A recent study (2022) found that 55 of 61 Texas beaches have unsafe levels of "fecal contamination." That means that many Texans seeking a summer beach vacation could get very sick when taking a dip.

Researchers found that 90% of Texas beaches tested last year had the possibility of making swimmers sick because of fecal contaminants.


Are you wondering where to avoid? We will look at the worst Texas beaches for fecal bacteria, but first, let's take a look at why our beaches are so literally crappy, and what post-swim symptoms should cause you concern.

unsplash.com with edits
unsplash.com with edits

Let relief wash over you to know that Texans aren't just serial beach poopers. Most of the fecal bacteria are the result of agricultural run-off. In other words, it's cow poop. That doesn't make it much safer for a swim.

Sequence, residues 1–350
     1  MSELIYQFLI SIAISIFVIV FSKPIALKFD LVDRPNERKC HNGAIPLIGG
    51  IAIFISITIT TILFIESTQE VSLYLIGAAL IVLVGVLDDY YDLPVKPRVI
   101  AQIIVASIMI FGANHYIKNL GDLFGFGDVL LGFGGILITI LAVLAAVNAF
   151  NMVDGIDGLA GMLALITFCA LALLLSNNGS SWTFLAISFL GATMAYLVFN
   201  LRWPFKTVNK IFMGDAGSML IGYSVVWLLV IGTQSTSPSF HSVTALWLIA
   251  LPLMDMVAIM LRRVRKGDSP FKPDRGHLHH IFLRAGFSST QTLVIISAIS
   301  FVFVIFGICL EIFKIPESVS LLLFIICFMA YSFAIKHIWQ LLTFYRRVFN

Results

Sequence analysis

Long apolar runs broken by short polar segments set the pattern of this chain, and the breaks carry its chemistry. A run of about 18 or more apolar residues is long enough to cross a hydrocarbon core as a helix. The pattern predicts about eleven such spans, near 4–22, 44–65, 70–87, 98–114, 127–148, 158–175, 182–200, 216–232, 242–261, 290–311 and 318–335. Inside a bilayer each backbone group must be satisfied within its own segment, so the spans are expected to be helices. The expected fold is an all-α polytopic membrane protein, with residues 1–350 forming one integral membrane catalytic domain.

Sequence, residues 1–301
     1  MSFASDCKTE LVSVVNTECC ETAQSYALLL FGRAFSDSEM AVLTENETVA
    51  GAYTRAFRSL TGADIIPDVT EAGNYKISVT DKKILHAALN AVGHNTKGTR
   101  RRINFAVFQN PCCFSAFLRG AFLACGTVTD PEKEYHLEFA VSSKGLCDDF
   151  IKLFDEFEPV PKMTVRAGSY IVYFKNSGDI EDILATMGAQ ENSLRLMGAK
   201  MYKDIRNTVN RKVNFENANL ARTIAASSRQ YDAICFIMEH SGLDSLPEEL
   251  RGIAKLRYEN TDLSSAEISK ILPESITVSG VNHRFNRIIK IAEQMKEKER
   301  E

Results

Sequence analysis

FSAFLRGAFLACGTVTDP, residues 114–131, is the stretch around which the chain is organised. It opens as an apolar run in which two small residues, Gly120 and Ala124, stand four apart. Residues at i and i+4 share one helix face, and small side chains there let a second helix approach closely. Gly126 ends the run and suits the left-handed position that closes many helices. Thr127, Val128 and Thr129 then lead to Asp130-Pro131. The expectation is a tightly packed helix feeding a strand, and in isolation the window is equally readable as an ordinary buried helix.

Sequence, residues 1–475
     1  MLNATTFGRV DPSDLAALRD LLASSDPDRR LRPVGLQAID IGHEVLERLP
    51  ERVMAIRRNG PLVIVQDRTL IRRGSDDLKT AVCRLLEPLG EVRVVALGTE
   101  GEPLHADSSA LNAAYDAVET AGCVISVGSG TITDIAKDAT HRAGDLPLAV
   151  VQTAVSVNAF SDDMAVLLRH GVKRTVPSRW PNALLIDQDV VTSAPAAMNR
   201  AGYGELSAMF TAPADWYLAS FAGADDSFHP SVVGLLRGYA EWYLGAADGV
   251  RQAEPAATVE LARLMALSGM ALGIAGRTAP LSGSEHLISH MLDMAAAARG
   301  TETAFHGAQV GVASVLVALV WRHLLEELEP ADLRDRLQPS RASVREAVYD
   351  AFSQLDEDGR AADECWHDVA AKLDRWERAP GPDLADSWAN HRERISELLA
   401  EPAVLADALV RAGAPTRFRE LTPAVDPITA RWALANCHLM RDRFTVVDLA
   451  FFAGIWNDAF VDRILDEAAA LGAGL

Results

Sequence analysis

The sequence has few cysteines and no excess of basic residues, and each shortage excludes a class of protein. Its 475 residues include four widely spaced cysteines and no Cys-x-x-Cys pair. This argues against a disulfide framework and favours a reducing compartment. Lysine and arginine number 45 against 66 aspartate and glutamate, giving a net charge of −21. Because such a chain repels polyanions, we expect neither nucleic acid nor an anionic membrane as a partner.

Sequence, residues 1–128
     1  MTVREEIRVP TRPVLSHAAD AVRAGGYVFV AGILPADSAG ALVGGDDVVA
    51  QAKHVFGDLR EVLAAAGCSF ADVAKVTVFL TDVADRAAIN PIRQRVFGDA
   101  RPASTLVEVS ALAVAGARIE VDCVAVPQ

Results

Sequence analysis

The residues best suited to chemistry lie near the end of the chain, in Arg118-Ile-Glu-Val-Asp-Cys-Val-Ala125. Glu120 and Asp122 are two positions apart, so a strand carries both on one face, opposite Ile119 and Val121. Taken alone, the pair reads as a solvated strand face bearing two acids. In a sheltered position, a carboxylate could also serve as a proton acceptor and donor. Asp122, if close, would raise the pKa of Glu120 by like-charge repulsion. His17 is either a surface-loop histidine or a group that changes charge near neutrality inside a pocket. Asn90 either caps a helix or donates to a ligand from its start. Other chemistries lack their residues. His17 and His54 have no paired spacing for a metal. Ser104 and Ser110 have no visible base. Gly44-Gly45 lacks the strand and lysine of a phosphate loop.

Getting in the water means you'll likely ingest some of it whether you get some in your mouth, in your eyes, or in some little cut or scrape. Kids, pregnant people, and folks with health problems or who take medications that lower their ability to fight infection are more at risk of water-borne illness, according to the CDC.

Symptoms that should cause you concern are vomiting and diarrhea- which could be a sign of E. Coli, Giardia, or another dangerous bacteria. Skin rashes and respiratory problems are also signs of potentially dangerous infections. If these happen after a beach swim, you need to see a medical professional asap.

So which beaches are the worst?

Most of the contaminated beaches were located in the Corpus Christi and Galveston areas, according to the analysis.

The top three worst beaches were Cole Park, Ropes Park, and Poenisch Park, all of which are Corpus Christi beaches.

Your best bet for a clean swimming experience? South Padre is the place to go.

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